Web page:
One day, back when the Greyhound bus station was downtown, I was walking by with six bags of groceries. About a half dozen men and women were hanging around near the doors of the station seemingly just socializing.
As I was passing by, one woman quickly turned and offered to carry my groceries and I politely declined this offer. She and I seemed not to know each other; this was just a spur of the moment offer without even asking how far I was going. And maybe I could have taken the offer and offered back a tip or a city bus ticket.
I feared right away the woman could have accessed some of my bags with the offer, run off and I’d be stuck dropping off the remainder to catch up to her only for others of their group to grab those bags too.
There could have been a true genuine offer there, though you just wonder why a group of people would gather to talk and offer their hand with heavy bags of passerby pedestrians.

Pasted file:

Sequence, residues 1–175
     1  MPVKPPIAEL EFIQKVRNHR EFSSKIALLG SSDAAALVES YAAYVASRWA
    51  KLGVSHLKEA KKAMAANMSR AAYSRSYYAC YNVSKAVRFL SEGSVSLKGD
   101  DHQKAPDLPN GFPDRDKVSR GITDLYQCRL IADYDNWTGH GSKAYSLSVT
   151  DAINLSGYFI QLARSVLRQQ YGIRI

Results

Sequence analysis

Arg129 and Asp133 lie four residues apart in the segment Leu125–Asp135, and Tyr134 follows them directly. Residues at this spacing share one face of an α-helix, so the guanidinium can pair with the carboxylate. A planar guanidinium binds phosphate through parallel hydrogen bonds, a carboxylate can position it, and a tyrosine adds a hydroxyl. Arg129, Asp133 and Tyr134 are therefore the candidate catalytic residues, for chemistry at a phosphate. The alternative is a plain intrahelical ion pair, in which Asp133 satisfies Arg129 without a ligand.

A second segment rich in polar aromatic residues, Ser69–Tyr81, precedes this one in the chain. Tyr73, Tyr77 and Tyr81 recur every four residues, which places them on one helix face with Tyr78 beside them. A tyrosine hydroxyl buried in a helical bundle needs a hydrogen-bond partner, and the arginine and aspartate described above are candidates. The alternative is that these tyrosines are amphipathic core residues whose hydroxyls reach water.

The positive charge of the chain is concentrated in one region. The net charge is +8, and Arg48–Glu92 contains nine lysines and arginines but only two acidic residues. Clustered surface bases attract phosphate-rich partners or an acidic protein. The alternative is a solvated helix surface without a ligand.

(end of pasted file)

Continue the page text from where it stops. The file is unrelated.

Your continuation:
Had I been in a small town known to offer this type of help, and for obvious short distances of a place that a small community would be situated in, I might have taken up the offer and also returned the favour with other people’s heavy loads of food, tools or whatever it may be. While I would not take a ride offered from a stranger in Winnipeg, I recall taking rides off any man or woman in Churchill some years back. It was our way of getting around without ever showing a thumb; you just walk and sooner or later a car would stop.
Could Winnipeg ever get that trusty? Who knows, but we can do better then we are now. And the “Pay it Forward” thing as well as the CNC Town Hall event on the subject of compassion held just over a month ago, to get us knowing each other, these kinds of actions may well ease our worries, and help us funnel the bad ones into better choices with us.
Wouldn’t it be cool if the excitement of picking the wings off butterflies to see how long they live was traded in for the excitement of adding gentle breezes to see how high they can fly.